Comics in the Classroom: An Anecdote by Nathan Repp

I have always loved comic books and graphic novels. Storytelling through visuals has always made sense to me and comics provide the detailed imagery of film with the longer, reader-paced stories of literature. I discovered them all on my own way, way back in middle school and reading them became a personal pastime. Then, in high school, something surprising happened: my English class had a lesson on the comic book. We were to read and analyze Maus by Art Spiegelman (a biographical story of the holocaust). I had thought that I was well-versed in graphic novels but this was something different—this was academic.

Maus by Art Spiegelman

Humans are primarily visual so I was not surprised when I came across a HULT article that suggests comics might facilitate learning. So much so that they are starting to enter the educational field at an increased rate. It all has to do with the “pictorial superiority effect,” where a picture accompanying a concept (rather than plain text) will skyrocket the mental retention rate of the concept. Beyond literary criticism, some teachers are using these kind of images to present information from other fields, such as anthropology.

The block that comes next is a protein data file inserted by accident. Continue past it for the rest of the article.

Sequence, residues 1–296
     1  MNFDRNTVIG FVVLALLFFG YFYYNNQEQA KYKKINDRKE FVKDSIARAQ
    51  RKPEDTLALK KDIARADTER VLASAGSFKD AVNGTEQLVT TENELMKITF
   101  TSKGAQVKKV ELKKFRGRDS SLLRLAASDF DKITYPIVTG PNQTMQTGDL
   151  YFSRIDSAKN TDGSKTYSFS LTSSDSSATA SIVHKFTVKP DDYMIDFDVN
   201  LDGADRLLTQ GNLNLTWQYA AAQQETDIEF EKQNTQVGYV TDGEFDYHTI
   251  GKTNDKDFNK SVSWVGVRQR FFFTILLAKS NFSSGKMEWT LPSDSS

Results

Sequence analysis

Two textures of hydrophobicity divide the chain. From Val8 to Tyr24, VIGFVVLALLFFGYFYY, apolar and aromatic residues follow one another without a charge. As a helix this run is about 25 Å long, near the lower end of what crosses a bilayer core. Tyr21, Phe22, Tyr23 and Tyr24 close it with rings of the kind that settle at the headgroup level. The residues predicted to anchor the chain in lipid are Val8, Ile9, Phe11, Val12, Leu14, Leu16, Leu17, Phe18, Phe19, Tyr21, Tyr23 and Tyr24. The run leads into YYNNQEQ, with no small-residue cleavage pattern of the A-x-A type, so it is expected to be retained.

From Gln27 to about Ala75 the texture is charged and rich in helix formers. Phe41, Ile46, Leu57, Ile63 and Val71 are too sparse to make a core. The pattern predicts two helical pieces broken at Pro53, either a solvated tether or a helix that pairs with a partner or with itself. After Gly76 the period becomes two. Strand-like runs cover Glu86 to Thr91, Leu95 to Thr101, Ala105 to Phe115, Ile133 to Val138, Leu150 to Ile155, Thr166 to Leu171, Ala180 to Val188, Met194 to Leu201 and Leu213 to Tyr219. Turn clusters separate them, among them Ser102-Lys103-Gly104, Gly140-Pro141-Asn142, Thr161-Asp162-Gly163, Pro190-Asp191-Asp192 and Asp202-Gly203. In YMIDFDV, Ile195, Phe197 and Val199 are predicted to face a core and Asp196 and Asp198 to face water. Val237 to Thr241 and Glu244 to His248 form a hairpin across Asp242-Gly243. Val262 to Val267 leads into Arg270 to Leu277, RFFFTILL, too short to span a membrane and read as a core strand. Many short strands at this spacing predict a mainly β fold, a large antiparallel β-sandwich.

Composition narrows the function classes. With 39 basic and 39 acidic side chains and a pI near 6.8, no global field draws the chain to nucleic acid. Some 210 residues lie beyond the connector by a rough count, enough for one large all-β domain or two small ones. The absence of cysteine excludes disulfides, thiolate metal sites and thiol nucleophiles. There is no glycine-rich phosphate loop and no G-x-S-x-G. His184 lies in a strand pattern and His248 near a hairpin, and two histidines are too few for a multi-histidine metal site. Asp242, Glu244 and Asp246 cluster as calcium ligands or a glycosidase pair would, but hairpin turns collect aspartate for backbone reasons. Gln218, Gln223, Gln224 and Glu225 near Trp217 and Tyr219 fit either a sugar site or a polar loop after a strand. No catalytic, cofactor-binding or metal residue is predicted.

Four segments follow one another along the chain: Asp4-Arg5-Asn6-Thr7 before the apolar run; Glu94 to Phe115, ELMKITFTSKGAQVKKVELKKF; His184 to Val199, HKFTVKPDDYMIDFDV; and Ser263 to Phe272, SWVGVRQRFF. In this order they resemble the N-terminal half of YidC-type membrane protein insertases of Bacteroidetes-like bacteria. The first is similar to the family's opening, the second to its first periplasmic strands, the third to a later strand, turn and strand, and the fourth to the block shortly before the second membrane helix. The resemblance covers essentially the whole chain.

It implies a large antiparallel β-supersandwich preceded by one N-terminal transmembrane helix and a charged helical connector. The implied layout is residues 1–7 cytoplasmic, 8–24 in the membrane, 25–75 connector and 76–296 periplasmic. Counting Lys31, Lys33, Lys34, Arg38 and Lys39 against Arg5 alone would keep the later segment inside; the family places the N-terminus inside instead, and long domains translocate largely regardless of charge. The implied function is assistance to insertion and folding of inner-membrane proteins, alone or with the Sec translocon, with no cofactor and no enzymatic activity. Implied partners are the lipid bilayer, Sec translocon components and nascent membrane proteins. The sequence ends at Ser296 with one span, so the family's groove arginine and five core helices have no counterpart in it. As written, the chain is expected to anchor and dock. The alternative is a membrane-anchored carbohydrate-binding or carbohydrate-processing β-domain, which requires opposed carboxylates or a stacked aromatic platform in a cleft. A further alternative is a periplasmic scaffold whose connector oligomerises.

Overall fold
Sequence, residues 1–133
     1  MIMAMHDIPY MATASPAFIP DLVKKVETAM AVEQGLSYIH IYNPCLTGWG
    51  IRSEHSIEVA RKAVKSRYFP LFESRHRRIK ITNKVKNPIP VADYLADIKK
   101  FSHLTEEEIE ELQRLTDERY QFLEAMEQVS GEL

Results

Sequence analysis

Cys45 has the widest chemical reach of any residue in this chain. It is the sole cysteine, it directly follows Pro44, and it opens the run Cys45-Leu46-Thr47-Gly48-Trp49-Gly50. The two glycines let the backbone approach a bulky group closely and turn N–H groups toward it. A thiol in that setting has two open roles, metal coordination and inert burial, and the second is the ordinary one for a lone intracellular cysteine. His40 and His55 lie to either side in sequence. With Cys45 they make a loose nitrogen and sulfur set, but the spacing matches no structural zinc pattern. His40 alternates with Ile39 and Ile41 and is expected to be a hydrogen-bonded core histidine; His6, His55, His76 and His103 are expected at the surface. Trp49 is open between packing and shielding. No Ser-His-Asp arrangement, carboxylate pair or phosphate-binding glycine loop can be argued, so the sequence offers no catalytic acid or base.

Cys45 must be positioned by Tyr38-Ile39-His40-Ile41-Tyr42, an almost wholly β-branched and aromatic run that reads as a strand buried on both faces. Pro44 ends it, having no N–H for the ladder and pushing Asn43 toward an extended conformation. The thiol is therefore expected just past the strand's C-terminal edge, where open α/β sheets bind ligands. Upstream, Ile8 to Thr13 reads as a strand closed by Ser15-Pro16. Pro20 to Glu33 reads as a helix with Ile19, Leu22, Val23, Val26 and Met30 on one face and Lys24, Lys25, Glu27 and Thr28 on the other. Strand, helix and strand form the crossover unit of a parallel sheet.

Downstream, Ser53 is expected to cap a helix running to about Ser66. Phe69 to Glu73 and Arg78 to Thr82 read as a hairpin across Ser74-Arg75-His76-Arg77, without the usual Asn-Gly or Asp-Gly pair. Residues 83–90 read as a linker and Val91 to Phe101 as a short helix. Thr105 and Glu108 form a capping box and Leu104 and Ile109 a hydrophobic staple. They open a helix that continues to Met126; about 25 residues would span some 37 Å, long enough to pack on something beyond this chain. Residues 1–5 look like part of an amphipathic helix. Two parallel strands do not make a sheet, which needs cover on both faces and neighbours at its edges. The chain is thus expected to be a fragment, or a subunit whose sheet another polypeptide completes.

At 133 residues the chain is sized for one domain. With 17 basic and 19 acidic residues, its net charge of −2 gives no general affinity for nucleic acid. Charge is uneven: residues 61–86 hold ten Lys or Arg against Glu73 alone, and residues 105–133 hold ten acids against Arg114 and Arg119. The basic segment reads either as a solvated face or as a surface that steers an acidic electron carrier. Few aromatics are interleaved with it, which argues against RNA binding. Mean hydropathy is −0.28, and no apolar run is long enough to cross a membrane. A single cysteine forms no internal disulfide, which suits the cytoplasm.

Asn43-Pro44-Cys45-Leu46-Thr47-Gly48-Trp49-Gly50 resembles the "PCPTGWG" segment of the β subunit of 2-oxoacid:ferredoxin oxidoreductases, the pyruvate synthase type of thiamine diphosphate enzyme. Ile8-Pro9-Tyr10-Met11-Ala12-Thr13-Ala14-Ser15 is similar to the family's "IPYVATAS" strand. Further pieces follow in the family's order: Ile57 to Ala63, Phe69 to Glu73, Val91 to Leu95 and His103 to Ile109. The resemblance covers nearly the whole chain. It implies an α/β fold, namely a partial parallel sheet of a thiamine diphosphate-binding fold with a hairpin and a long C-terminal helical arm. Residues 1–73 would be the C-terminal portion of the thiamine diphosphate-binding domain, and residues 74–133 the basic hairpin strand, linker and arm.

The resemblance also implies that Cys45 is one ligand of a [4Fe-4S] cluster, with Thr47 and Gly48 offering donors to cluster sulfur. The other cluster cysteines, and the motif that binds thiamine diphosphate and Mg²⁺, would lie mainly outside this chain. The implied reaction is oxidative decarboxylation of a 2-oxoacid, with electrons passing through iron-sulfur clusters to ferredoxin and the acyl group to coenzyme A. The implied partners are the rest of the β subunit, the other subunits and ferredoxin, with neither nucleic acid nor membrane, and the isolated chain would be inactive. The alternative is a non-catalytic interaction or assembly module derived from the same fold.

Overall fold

The new academic bookshelf? (Photo Source: Joe Szilagyi

The new academic bookshelf? (Photo Source: Joe Szilagyi

In my educational life thus far, the one lesson in that one class in high school is my only experience with comics in the classroom but it was an enlightening one. For the love of the medium and for the interest in what it has to say, it’s hopeful to see them becoming serious academic tools and pursuits.

Comment below and let me know if you’ve had any experience with comics in education.

Nathan Repp is a writer for Scholar Hero. The views and opinions expressed of this particular blog belong solely to those of the author and not of Scholar Hero, Inc.


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